Final check: 4inch length gets me my F spot on-
and 8.5inch width doubled gets me the 17inchC
Finished and sl st in the center- ready to try it on!
Positioning the Leg Openings
Here you will want to pull out a big loop to
prevent any unraveling when you go to try it
on your model. Slip the sweater over your
dog's head and position the center seam at
the throat. The bottom edge should be just
to the legs with a little wiggle room.
Take your 4 clothespins and clip them on
just inside the front legs AND outside the
front legs about halfway up the shoulder.
The inside edge of the pin (toward the leg)
should line up with where you want it- NOT
the middle of the pin. (Which I did not do
perfectly, and I had to recheck it again!!!) If
your dog has had trouble with sweaters
being tight in the shoulder, give a little extra
Slip the sweater off carefully, being sure not
to dislodge your markers. Replace the
Pagan trying on her sweater. That clothespin on
clothespins with stitch markers four stitch
the far right is totally in the wrong place, but we're
markers INSIDE the clothespins.
going to fix that!!!
Stitch markers replace clothespins
DOUBLE CHECK! Count the spaces on each
side- make sure they are the same! Err on
the side of more room if they are not equal
and move your markers accordingly. At the
same time, be sure they are still centered on
either side of the chest. In the future, you
will know how many stitches to skip for leg
holes (using the same yarn and hook, of
NOTE: Place your markers in the first and last
course) and can skip the clothespin step
stitch you will skip. For Pagan's sweater, I skipped
10 stitches for each leg opening, so the marker is
in stitch 1 and 10- and I skip those entirely when
proceeding to the next step.
Beginning the leg openings
Row 1- ch2 to count as the HDC. HDC in
each space UP TO the marker. Ch'X' (X= the
number of stitches skipped from marker to
marker). HDC in the next stitch past the
marker and around, repeating for the next
pair of markers. HDC back to the center and
join at the top of the ch2 with a sl st. Ch2
Round 2- (working in rounds again
#This is more crochet math! Yay! Basically, the
beginning with the end of this row) HDC in
total length of the sweater is going to be B, which
every HDC and Chain around.
is the length of your dog's back. You've already
worked F (the length of the forechest) so subtract
Continue to hdc around until piece equals
that from B. (For Pagan, this is 13-4=9) Now HALF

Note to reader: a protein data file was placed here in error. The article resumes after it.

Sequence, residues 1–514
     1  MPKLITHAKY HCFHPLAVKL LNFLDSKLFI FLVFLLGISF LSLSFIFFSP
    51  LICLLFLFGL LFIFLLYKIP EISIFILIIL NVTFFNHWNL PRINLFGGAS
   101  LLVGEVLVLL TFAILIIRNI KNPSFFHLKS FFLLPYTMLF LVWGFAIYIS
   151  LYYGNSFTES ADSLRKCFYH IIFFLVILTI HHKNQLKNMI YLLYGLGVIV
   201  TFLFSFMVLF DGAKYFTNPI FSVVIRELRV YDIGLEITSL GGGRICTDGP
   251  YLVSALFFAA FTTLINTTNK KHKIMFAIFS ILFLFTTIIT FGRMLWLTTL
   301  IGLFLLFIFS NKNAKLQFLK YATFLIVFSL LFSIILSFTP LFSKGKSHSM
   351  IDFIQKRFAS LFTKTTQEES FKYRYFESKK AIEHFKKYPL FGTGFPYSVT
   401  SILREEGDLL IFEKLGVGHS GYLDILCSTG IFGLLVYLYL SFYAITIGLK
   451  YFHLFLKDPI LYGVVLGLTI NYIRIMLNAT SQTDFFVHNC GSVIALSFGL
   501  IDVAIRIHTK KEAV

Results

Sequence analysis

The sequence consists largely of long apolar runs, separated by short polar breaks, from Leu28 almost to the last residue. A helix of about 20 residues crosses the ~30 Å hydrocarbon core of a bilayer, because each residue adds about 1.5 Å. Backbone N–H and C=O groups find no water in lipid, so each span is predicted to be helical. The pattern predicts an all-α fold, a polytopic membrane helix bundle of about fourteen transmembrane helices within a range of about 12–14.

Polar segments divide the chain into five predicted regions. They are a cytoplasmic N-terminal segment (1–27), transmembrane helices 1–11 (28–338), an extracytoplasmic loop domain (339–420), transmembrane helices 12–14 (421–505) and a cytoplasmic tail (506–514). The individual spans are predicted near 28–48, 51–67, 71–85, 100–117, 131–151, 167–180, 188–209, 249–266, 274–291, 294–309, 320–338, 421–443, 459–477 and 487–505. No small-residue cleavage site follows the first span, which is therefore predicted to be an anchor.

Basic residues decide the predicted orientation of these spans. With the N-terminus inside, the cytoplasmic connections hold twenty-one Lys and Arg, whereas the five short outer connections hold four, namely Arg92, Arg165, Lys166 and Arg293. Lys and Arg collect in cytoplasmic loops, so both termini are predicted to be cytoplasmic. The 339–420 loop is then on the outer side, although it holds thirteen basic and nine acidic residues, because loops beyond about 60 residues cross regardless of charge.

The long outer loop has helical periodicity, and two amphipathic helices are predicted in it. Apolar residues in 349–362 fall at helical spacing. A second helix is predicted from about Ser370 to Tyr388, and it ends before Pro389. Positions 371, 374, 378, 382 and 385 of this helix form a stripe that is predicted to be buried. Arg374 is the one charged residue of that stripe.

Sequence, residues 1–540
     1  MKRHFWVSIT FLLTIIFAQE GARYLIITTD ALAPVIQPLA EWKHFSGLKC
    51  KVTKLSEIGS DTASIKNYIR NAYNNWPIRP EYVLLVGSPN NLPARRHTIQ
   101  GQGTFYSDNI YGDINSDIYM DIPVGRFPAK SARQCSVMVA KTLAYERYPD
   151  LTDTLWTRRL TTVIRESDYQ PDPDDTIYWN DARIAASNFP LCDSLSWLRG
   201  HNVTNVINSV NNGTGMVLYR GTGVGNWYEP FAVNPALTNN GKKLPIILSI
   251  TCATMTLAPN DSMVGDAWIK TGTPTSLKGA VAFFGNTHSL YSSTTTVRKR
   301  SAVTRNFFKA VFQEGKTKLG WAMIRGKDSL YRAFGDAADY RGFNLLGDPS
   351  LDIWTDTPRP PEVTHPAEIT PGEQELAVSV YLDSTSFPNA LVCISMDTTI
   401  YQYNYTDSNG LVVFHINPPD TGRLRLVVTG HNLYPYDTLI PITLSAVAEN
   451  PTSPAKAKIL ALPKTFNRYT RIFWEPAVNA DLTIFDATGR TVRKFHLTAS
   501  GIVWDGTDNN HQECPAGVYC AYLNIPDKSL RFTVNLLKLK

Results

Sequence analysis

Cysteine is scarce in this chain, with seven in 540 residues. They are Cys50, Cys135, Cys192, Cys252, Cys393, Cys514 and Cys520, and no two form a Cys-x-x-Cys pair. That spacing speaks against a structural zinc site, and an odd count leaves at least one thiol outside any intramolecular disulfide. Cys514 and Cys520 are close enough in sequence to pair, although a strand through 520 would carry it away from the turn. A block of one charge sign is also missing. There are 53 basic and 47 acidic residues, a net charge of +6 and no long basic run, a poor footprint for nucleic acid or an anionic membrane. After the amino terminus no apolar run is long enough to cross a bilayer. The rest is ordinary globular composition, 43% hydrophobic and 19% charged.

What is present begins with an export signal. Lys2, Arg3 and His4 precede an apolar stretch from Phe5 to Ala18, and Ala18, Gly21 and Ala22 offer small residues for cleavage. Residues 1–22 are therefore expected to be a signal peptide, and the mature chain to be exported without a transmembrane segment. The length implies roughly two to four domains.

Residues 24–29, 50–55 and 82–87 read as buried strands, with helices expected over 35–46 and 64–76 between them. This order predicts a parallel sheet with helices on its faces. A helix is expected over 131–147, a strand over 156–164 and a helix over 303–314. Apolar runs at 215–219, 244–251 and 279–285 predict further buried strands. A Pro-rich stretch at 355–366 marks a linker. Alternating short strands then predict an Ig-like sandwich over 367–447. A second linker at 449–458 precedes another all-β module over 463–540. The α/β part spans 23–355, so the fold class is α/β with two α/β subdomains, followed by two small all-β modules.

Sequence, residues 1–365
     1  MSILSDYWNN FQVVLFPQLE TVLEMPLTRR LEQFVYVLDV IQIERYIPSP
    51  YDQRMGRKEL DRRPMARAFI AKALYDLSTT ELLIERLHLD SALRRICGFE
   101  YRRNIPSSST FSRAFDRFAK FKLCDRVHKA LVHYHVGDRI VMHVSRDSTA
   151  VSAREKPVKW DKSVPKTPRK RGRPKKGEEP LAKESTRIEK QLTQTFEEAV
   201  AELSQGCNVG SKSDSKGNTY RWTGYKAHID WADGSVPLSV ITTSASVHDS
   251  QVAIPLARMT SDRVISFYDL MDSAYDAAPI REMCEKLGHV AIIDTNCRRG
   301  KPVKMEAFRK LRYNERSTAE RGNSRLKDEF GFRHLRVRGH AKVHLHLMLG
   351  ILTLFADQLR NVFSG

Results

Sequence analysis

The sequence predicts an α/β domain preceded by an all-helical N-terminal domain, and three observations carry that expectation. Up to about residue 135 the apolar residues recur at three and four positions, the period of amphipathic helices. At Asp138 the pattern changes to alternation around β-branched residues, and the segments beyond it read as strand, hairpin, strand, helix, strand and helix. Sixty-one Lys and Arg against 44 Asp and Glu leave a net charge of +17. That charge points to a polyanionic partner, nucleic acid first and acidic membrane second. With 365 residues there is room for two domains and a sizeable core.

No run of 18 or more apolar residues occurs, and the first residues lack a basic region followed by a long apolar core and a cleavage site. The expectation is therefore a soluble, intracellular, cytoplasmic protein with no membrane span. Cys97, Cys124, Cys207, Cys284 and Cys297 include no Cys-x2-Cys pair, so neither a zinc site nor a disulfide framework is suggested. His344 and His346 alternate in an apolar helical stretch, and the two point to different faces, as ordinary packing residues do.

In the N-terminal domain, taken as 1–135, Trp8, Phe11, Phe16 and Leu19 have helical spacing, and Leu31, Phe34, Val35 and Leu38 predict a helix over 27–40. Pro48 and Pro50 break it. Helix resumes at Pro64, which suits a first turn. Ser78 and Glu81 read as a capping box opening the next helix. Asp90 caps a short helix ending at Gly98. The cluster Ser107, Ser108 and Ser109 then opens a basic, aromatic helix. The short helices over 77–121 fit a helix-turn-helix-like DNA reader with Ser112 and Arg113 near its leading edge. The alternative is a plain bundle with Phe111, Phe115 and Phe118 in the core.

of the remaining will be worked in rounds. The
remainder will be worked in dec. rows in order to
Once your sweater reaches the correct
form an open belly at the bottom end of the
length, end with a sl st in the center. Do not
sweater for free movement. (And boy dogs
appreciate this as it won't rub their parts and you'll
appreciate it as less weewee accidents and less
Pagan's Sweater before the decrease rounds for
the end of the sweater
Beginning the end of the sweater
Row 1- ch 2. HDCtog the next 2 stitches.
HDC around until the last 2 stitches. HDCtog
last 2 stitches. Ch 2 TURN
Row 2-? - Continue on each row in HDC,
HDCtog the first 2 and last 2 stitches each
row until sweater reaches B.
The sweater at B length (13 inches) before
finished edging or sleeves.
#To prevent gapping along the trim, place one sc
in the seam between HDC and one in the side of
Round 1- Ch 1. 2 sc in same stitch. sc in
the HDC, not AROUND the HDC.
each stitch across, 3sc in next corner.
Working down the sides, sc evenly spaced
2sc per side of each HDC# End with sc in
same st as beginning to complete corner. Sl
st to close. Ch 1. Do NOT Turn.
Round 2- Repeat Round 1, ending with a sl
st to close. FO, leaving long tail to weave in.
Sleeve (repeat for both sleeves)
Round 1- Join yarn to arm hole and ch2 to
count as 1st hdc. HDC around (In each hdc,
the side of both hdcand bottom of chain)-
placing 2 HDC in the sides of the HDC on
sleeve hole openings. Do not join, do not
turn. Use a stitch marker if needed to mark
Finished edging and sleeves added
beginning of rounds.
TIP on HDC in bottom of chain when adding the
Continue to HDC in rounds until sleeves are
sleeves: It is best to stitch through BOTH loops of
desired legnth. (I did 4 rows for Pagan's
chain that remain in order to make the sleeve
sweater) A good length sweater sleeve end
stronger. This may seam a little awkward at first,
before the elbow. Sl st in next st when
but once you get it started, it lines up well for the
sleeve is desired length.
next stitch. If you prefer, you can HDC BETWEEN
the HDC below the chain, though that is not as
Finish- 2 rows of sc as with bottom of
neat, but it's going to be in your dog's armpit, isn't
sweater. Sl st at end of last row, FO leaving
it? The point is to just make it hold strong-
a long tail to weave in using needle.
whichever way you prefer to do it.
FURTHER TIPS: If you need to join yarn- run out or are doing stripes, etc.- ALWAYS tie your
joins and THEN stitch the ends in to hide them. This will prevent future unraveling in a garment
that is not likely to be treated gently!
Weaving in ends TIP: Best to leave too much than too little. Weave back and forth a couple of
times or in different directions to prevent ends popping out in the future. Most likely this garment
will need to be washed often, so you want those ends to stay hidden forever!
Remember, this is a basic sweater- what I may do with it later to embellish it will likely turn it into
something entirely different. I encourage you to send in pictures of your sweaters when you have
them completed and share your ideas about color, pattern, decorations, etc. Check back later for
other people's ideas and more tips I will add on using fancier pattern stitches to make this
sweater into countless ideas!!!
Copyright 2009 CritterScoop.com
Please feel free to link to this pattern but do not reproduce it. Items made from this pattern are yours to
dispense of as you wish. It’s your work, after all, and I hope you enjoyed making it!